“When people see the rates online, often when they call, they don’t get the same rate,” says Beeston. In other cases, you might be able to get that amazing rate advertised in the mail, but there might be a catch. People have to ask “how much am I paying for this fare,” says Beeston. You may get quoted at a low rate, but find that you have to pay thousands of dollars in discount points to get it.
Discount points are optional fees that you can pay to reduce your interest rate. Typically, it costs 1% of your loan amount to reduce your rate by 0.25%. And the exceptionally low fares you find online can have excessive discount points. Even the Freddie Mac survey takes discount points into account in its average rates.
What buyers can do
Get a quote directly from a lender and always check the fees you’re paying. If you get a rate that you like, lock it in and ask how long the rate lock lasts, which is typically 30-60 days.
How to know exactly what mortgage rate you qualify for
To get a rough estimate of what mortgage or refinance rate you qualify for, you can call a mortgage lender and provide them with some basic information (credit score, income, etc.). But there’s only one way to know for sure what rate you’ll get – submit an application, get a credit check done, and get a rate foreclosure. “The only time you know bulletproof what you’re going to get is when you have that loan estimate in front of you, and it says ‘locked’,” Beeston says. Until you have requested and received a rate foreclosure, it may still change. “If it’s not locked, it’s not real.”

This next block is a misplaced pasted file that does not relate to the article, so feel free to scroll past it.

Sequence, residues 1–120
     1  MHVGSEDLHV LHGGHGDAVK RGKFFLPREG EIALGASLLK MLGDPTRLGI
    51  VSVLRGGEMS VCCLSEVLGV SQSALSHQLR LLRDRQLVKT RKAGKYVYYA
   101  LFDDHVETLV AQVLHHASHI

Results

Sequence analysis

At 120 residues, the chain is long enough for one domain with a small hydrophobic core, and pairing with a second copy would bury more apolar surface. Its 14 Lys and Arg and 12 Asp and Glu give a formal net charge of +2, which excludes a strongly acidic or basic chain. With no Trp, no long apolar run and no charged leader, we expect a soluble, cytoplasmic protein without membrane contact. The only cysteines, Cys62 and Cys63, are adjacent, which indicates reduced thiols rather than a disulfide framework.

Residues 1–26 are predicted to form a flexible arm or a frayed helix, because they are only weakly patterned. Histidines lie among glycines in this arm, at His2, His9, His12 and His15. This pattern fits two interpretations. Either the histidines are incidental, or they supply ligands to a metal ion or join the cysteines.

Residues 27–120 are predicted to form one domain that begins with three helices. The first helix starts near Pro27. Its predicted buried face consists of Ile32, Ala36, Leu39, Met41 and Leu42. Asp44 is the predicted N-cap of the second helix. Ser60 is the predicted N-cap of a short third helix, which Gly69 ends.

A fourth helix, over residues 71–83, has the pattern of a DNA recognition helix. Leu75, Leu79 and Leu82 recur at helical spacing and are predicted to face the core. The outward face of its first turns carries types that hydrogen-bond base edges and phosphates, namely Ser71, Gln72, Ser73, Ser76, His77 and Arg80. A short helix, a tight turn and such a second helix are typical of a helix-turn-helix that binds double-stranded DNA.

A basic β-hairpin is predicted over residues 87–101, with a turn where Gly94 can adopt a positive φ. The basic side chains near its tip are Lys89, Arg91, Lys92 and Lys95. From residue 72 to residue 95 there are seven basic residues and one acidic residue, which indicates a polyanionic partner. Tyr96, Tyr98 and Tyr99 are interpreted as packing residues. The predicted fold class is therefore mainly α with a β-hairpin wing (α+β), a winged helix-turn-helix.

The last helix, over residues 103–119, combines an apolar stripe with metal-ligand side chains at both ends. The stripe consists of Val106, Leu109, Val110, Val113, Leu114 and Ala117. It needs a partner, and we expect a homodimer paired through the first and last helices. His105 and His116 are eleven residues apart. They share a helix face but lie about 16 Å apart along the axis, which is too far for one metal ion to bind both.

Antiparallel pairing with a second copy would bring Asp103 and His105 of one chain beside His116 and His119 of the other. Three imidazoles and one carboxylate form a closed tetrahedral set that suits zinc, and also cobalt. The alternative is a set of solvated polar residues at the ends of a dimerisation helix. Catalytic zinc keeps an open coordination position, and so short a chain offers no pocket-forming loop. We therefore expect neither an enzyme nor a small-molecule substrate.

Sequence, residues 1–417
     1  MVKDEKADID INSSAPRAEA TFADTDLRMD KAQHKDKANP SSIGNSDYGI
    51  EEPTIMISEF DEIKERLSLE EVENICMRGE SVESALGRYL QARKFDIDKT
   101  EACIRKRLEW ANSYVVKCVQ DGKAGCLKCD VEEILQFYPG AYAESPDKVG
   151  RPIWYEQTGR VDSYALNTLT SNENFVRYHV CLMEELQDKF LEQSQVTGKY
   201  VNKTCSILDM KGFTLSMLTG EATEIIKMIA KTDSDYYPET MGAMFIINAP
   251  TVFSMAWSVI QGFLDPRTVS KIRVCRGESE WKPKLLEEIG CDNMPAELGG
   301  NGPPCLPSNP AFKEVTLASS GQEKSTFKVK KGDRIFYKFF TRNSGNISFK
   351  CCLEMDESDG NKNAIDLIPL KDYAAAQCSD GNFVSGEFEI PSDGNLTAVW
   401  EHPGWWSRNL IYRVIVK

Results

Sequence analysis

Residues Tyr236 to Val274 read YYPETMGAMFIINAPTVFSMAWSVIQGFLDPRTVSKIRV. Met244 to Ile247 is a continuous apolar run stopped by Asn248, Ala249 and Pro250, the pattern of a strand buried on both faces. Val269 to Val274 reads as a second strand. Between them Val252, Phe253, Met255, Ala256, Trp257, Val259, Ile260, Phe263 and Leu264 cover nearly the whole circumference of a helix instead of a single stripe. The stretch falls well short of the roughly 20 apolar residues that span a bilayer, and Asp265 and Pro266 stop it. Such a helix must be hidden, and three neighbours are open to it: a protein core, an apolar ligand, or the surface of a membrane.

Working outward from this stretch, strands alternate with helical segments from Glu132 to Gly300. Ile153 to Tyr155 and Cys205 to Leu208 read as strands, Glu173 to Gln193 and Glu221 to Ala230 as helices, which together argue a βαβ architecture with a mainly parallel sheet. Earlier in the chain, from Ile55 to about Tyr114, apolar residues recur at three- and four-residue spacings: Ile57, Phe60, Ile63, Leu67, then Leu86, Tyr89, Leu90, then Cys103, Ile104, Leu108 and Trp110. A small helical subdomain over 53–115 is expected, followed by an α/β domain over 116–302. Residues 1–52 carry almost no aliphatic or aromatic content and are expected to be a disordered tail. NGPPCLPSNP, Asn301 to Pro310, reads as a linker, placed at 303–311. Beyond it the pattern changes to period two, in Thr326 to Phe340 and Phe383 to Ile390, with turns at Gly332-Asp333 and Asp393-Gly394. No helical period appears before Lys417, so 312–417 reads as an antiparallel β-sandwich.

But when shopping for a mortgage, you don’t want to stay focused on the interest rate so much that you end up with a bad deal.
There are significant fees to pay each time you get a mortgage, usually between 3% and 6% of the loan amount. And the lender with the lower rate can charge much higher fees. This is why it is important to shop around and compare the offers of several mortgage lenders. You can do this by comparing the loan estimates that you receive after submitting your applications. The loan quote is a standardized form, so it makes it easy to compare offers between lenders.